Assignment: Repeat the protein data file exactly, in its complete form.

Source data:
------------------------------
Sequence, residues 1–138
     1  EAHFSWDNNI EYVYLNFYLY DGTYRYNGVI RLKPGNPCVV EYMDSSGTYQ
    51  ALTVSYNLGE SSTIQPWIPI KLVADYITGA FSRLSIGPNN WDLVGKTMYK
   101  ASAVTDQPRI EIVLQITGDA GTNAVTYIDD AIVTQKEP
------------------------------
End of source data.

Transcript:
Sequence, residues 1–138
     1  EAHFSWDNNI EYVYLNFYLY DGTYRYNGVI RLKPGNPCVV EYMDSSGTYQ
    51  ALTVSYNLGE SSTIQPWIPI KLVADYITGA FSRLSIGPNN WDLVGKTMYK
   101  ASAVTDQPRI EIVLQITGDA GTNAVTYIDD AIVTQKEP